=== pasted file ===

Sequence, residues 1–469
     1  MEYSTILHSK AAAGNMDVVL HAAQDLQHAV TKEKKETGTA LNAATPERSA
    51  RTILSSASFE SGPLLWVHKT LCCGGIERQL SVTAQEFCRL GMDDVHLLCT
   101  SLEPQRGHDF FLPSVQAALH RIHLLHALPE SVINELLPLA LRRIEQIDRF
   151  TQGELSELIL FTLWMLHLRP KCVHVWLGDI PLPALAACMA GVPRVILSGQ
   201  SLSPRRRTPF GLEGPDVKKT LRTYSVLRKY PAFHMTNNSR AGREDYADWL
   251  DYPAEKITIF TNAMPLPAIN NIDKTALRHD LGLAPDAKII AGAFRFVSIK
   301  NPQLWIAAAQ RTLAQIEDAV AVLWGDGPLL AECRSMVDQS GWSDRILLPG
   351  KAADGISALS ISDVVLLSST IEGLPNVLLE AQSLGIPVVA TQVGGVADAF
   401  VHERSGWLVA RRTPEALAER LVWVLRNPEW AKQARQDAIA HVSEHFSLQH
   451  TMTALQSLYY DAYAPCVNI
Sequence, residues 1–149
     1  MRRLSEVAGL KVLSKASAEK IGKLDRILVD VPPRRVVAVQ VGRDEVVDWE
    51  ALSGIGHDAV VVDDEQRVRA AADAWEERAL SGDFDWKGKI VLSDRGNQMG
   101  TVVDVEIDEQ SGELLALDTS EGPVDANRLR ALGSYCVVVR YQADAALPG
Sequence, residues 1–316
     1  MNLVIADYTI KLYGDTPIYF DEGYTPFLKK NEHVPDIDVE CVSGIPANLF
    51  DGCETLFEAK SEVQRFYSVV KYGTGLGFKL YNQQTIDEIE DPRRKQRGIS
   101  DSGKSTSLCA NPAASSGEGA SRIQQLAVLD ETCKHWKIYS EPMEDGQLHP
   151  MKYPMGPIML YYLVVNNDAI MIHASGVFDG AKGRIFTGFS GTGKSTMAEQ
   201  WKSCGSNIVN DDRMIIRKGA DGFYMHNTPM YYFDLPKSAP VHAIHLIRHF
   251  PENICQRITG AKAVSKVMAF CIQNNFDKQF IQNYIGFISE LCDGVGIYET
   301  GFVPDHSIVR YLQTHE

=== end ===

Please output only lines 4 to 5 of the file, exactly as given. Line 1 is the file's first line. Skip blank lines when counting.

   101  SLEPQRGHDF FLPSVQAALH RIHLLHALPE SVINELLPLA LRRIEQIDRF
   151  TQGELSELIL FTLWMLHLRP KCVHVWLGDI PLPALAACMA GVPRVILSGQ